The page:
- If the S&P 500 sell-off over coronavirus fears continues, stocks could fall into a bear market, Lori Calvasina of RBC wrote in a Thursday note.
- If stocks fall 10% and pessimism still remains, the S&P 500 could fall to the 2,700 range, a 20% drop, according to the note.
- After a 10% drop, “we think the market will be telling us that another growth scare has taken hold and that another significant leg down is looming,” said Calvasina.
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The S&P 500 could be barreling towards a bear market if coronavirus-related panic mounts, according to Lori Calvasina, head of US equity strategy at RBC.
If stocks continue to fall and investors are still pessimistic after a 10% drop, it raises the risk that the S&P 500 could fall to the 2,700 range, a 20% drop from 2020 highs, Calvasina wrote in a Thursday note to clients. A fall of that magnitude would be considered a bear market.
“If the S&P 500 resumes its decline and 3,050 doesn’t hold, we think the market will be telling us that another growth scare has taken hold and that another significant leg down is looming,” said Calvasina, adding that a drop of this nature is her worst-case scenario for the US equity market.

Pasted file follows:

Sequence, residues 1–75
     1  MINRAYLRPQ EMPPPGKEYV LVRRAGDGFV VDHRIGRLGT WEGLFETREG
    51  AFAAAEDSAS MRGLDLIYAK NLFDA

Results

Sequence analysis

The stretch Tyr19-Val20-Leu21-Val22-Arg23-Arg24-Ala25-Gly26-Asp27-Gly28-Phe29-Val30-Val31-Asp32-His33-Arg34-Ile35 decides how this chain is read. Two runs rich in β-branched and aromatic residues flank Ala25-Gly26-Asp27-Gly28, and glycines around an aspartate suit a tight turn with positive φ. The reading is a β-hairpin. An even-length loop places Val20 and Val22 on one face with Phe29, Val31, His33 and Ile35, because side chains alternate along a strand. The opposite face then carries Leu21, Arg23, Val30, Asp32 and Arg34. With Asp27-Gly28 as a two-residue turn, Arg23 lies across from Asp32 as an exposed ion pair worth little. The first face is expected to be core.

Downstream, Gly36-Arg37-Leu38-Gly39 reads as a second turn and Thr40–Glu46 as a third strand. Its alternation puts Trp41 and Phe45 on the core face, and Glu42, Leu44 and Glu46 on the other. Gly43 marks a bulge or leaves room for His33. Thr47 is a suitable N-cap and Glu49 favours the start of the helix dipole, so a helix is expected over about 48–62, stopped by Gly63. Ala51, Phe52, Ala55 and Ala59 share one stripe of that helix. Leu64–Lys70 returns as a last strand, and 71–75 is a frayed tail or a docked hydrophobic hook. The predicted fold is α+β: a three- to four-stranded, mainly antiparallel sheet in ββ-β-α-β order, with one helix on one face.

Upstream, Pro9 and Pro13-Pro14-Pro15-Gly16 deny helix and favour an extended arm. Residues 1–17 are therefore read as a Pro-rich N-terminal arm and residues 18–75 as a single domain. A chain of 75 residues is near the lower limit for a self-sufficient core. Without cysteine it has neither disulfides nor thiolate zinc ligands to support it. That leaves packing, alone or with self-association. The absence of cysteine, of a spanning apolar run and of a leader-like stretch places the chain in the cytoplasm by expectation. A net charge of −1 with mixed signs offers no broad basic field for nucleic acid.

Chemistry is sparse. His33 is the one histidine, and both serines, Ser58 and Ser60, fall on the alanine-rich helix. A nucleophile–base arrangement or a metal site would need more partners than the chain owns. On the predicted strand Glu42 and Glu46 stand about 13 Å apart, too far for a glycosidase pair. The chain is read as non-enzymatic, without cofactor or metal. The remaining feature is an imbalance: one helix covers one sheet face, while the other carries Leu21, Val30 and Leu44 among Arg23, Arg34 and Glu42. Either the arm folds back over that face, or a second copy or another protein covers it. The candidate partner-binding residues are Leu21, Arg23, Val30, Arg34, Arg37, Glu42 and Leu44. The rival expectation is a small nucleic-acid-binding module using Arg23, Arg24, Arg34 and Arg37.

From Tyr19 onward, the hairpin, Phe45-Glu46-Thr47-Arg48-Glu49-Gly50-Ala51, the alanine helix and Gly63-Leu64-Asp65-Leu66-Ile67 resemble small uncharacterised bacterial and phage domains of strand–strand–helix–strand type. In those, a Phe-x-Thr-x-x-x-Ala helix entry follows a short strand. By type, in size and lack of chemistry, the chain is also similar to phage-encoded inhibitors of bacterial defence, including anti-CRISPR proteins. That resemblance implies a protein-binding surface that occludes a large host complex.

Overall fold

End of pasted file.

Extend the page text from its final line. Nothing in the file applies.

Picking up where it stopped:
“We’ve seen several growth scares in the US equity market since the Financial Crisis,” Calvasina wrote, pointing to market events in 2010, 2011, 2015-16, and 2018. In those events, the peak-to-trough declines ranged from 14.2% to 19.8%, the note said.
Calvasina also plotted out a possible recession scenario for stocks, even though it is not in RBC’s forecast. If coronavirus were to tip the US economy into a recession, Calvasina would expect the S&P 500 to fall 24% to 32% from its recent peak.
“The drawdowns in the S&P 500 around the Tech Bubble and Financial Crisis were much larger, but we believe that any recession in the US is likely to be quick and mild, as we do not seen the same kinds of excesses in financial markets and the economy today that were present during those times,” Calvasina wrote.
Stocks have fallen all week as panic over the coronavirus grows. At the same time, bond yields have been pushed to record lows as investors flee to safe-haven assets. On Thursday, former Federal Reserve Chair Janet Yellen warned that the epidemic could throw the US into a recession.
The flu-like virus has killed more than 2,800 and infected more than 82,000, mostly in China. Still, the spread of the virus to other countries including South Korea, Italy, and Iran has sparked further fear that the outbreak could become a pandemic and hammer global growth.
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